Monday, November 26, 2012

Wanda Landowska: Bach's Toccata



Wanda Landowska performs J.S. Bach's "Toccata" in D major, BWV 912; this is from a recording of September 28, 1936.

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Wanda Landowska was born in Warsaw, Poland, on July 5, 1879, to Jewish parents, Marian and Eva Landowska (nee Lautenberg), who had converted to Catholicism. Her father was a lawyer; and her mother was a linguist, translating Mark Twain into Polish. She started to play piano at age 4, and studied at the Warsaw Conservatory under Jan Kleczynski and Aleksander Michalowski.

She moved to Paris around 1900, and eventually established a school, École de Musique Ancienne, in 1925. Within a couple of years, her home in Saint-Leu-la-Forêt, a few miles north of Paris, became a center for the performance and study of old music, and was affectionately called The Temple of Music. Then things took a turn for the worse:
When Germany invaded France, Landowska, a naturalized French citizen of Jewish origin, escaped with her assistant and companion Denise Restout, leaving Saint-Leu in 1940, sojourning in southern France, and finally sailing from Lisbon to the USA. She arrived in New York on December 7, 1941. The house in Saint-Leu was looted, and her instruments and manuscripts stolen, so she arrived in the USA essentially without assets. They had arrived in New York City on the day Pearl Harbor was bombed by the Japanese. You can imagine the pandemonium at Ellis Island. She and her companion arrived with $1,300, of which $500 each went to secure their release, in the form of a surety bond. That left them with $300 to start a new life.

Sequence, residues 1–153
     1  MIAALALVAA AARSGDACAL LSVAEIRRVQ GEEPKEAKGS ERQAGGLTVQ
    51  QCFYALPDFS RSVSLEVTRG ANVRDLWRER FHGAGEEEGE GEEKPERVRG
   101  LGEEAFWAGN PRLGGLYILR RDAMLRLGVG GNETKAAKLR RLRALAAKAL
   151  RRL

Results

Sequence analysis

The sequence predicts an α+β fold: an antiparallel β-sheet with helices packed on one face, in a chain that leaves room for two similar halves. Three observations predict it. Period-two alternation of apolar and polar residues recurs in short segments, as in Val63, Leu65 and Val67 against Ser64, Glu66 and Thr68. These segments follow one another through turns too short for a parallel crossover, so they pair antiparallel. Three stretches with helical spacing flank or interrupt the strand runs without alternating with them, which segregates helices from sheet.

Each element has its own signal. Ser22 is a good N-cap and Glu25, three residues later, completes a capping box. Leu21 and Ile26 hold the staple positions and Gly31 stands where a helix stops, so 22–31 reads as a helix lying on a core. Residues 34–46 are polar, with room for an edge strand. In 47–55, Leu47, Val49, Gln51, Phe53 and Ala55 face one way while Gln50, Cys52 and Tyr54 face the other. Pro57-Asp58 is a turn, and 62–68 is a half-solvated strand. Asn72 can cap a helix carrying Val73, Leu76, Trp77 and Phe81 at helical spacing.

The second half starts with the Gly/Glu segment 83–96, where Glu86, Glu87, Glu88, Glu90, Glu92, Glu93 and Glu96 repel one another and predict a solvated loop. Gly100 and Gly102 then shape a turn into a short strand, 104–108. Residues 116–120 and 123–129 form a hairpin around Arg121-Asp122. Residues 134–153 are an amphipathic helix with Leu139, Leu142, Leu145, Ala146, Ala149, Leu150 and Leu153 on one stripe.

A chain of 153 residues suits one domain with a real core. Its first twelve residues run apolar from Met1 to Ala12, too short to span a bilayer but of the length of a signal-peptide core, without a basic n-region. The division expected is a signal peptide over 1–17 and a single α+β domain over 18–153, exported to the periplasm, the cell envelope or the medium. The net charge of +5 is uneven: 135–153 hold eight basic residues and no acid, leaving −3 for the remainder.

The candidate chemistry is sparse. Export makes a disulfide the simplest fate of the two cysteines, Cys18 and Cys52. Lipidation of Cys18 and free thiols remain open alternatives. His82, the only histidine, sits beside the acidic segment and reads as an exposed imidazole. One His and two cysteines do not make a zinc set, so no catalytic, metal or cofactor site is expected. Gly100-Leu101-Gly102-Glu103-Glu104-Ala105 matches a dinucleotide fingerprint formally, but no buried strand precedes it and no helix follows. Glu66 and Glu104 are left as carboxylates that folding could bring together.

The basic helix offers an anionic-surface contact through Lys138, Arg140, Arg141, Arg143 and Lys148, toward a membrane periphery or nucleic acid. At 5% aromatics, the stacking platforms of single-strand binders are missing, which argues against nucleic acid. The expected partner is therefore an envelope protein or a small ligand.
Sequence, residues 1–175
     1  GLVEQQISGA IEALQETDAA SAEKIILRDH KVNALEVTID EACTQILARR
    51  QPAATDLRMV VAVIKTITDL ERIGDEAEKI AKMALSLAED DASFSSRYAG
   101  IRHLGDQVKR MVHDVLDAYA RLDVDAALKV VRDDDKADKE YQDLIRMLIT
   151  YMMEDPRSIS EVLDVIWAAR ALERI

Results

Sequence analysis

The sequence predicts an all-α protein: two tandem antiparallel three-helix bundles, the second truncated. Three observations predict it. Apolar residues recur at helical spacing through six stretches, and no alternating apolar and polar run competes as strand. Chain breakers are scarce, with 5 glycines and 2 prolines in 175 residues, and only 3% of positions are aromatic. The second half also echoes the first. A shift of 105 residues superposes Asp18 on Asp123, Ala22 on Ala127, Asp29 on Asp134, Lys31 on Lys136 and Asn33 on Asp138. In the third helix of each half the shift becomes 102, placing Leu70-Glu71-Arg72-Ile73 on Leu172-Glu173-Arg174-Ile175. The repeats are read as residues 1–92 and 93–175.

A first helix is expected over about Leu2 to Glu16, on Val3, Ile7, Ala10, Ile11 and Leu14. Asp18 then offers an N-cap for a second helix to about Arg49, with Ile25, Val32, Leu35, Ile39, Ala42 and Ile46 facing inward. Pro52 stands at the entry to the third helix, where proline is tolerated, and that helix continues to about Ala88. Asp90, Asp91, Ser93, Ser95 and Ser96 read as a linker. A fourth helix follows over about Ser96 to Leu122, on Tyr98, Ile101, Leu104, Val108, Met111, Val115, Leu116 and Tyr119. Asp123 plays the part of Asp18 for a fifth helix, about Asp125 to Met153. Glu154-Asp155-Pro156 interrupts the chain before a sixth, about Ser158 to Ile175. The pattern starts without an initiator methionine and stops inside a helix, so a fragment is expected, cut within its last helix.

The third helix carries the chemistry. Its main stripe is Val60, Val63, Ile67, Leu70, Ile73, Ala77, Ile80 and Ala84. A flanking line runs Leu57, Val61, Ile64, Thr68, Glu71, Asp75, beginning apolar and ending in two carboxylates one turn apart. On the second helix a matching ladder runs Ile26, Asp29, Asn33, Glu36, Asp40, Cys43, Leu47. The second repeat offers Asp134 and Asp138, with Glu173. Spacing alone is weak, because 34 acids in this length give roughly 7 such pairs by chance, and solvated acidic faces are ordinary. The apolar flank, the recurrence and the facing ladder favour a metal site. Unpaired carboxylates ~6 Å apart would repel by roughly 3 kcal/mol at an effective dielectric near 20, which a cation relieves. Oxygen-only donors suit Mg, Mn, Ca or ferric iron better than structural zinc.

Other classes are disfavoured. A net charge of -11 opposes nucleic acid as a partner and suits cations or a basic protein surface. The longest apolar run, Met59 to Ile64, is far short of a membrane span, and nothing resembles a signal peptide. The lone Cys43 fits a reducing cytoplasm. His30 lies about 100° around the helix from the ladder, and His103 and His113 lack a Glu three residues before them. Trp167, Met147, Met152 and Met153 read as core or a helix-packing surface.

Landowska, for her part, acted like so many immigrants and refugees from Europe and started to rebuild her life. She did so by doing what she knew best, by playing beautiful music. Wanda Landowska played until her death on August 16, 1959. She was 80. Even so, her memory and music lived on, due in great part to the efforts of Denise Restout, herself a music teacher, who kept the flame burning until her own death in 2004.

2 comments:

  1. If Landowska hadn't escaped at the last minute, the world would never have known her wonderful performances.
    I am reminded of Roald Hoffmann, whom I knew in college. If he hadn't been hidden in an attic by his Ukrainian neighbors during World War II, he never would have made the contributions to science that won him the Nobel Prize in Chemistry.

    ReplyDelete
    Replies
    1. It's lucky for the world that Hoffmann was saved from death; perhaps this experience made him what he was, or at least contributed to it.

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